Nina Uraltseva defended her Candidate of ScienceFootnote^{3} thesis entitled “Regularity of solutions to multidimensional quasilinear equations and variational problems” in 1960. Four years later, she became a Doctor of ScienceFootnote^{4} with a thesis “Boundary-value problems for quasilinear elliptic equations and systems of second order.” Since 1959, she has been a member of the Chair of Mathematical Physics at the Faculty of Mathematics and Mechanics of LSU (currently St. Petersburg State University), where she became a Full Professor in 1968 and served as the head of the chair since 1974.

For her fundamental contributions to the theory of partial differential equations in the 1960s, Nina Uraltseva (jointly with Olga Ladyzhenskaya) was awarded the Chebyshev Prize of the Academy of Sciences of the USSR (1966) as well as one of the highest honors of the USSR, the USSR State Prize (1969).

Throughout her career, Nina Uraltseva has been an invited speaker at many meetings and conferences, including the International Congress of Mathematicians in 1970 and 1986. In 2005, she was chosen as the Lecturer of the European Mathematical Society.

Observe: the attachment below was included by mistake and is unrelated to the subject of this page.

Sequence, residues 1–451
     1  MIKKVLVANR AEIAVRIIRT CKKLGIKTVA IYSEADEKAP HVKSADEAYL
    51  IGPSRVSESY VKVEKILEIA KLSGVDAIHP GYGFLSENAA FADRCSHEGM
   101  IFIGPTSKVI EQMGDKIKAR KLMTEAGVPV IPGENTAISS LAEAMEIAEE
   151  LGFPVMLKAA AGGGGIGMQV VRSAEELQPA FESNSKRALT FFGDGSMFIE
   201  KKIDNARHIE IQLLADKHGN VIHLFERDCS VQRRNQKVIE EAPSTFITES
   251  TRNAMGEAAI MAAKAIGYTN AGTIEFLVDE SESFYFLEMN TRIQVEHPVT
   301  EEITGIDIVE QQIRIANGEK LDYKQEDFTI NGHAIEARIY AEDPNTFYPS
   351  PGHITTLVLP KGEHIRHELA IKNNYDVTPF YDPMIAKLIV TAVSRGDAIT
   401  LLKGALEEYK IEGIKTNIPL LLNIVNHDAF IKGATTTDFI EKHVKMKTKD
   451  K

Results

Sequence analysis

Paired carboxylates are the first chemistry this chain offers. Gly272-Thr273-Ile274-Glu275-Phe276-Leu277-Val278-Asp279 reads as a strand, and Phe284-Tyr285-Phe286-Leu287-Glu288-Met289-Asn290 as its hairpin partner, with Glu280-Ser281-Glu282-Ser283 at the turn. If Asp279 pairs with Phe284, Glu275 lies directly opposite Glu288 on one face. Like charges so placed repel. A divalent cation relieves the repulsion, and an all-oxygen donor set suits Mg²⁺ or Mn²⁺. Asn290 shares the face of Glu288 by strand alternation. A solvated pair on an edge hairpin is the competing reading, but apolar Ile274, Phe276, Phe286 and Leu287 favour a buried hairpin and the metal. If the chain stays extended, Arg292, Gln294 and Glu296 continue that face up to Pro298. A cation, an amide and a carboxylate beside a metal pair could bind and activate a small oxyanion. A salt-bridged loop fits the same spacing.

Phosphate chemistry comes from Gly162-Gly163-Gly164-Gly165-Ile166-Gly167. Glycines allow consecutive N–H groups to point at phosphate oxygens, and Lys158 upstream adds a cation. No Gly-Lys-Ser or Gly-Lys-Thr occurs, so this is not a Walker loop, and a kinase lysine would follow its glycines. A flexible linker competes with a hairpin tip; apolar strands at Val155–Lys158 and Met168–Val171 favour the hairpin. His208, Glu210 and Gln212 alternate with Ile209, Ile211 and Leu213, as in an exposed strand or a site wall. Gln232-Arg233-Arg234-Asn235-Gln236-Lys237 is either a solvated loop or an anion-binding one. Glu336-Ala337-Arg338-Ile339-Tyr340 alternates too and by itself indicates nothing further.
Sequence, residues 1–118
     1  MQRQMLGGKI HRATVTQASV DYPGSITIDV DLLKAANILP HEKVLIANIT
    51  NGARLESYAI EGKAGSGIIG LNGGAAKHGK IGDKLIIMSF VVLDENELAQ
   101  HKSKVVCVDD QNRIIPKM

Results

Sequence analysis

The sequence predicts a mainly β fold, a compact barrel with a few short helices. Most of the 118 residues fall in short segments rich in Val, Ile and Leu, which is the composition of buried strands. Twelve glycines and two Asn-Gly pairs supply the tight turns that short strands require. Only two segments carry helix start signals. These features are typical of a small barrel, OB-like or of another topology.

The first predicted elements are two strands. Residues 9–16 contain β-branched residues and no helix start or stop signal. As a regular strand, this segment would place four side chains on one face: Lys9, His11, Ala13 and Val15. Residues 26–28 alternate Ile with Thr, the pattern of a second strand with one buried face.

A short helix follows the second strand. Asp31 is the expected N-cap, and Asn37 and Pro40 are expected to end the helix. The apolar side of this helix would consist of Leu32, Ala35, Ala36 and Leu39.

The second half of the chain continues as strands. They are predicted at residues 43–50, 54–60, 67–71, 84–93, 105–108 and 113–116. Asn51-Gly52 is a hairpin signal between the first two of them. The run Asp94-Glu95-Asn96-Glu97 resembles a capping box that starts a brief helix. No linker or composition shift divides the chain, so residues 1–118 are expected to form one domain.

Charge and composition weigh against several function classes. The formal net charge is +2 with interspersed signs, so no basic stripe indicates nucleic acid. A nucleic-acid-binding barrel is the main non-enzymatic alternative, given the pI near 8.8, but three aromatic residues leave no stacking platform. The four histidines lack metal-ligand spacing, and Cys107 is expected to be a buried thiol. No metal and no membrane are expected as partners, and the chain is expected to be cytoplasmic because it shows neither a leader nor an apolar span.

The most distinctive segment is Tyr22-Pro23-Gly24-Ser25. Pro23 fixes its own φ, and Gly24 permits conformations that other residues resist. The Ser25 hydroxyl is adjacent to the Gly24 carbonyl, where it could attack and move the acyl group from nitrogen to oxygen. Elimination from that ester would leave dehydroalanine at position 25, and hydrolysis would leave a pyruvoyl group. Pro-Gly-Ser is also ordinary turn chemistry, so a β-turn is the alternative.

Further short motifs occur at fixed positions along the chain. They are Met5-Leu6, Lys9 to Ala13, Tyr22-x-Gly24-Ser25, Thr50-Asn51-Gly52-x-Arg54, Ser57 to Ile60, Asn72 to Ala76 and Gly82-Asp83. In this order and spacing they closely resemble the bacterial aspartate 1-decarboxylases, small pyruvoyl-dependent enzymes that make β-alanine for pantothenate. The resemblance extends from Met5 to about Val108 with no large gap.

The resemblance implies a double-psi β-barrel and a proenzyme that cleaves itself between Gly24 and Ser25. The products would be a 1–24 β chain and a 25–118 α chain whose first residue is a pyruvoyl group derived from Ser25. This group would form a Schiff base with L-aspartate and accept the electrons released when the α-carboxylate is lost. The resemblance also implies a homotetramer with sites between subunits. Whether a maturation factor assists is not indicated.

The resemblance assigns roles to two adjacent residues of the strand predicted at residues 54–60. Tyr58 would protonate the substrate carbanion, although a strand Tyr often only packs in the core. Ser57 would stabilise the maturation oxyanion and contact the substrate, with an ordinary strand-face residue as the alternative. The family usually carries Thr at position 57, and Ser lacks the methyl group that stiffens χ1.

Nina Uraltseva’s mathematical achievements are highly regarded throughout the world, and have been acknowledged by various awards, such as the titles of Honorary Scientist of the Russian Federation in 2000, Honorary Professor of St. Petersburg State University in 2003, and Honorary Doctor of KTH Royal Institute of Technology, Stockholm, Sweden, in 2006. In the same year, in recognition of her academic record, she received the Alexander von Humboldt Research Award. In 2017, the Government of St. Petersburg recognized her recent research by its Chebyshev Award.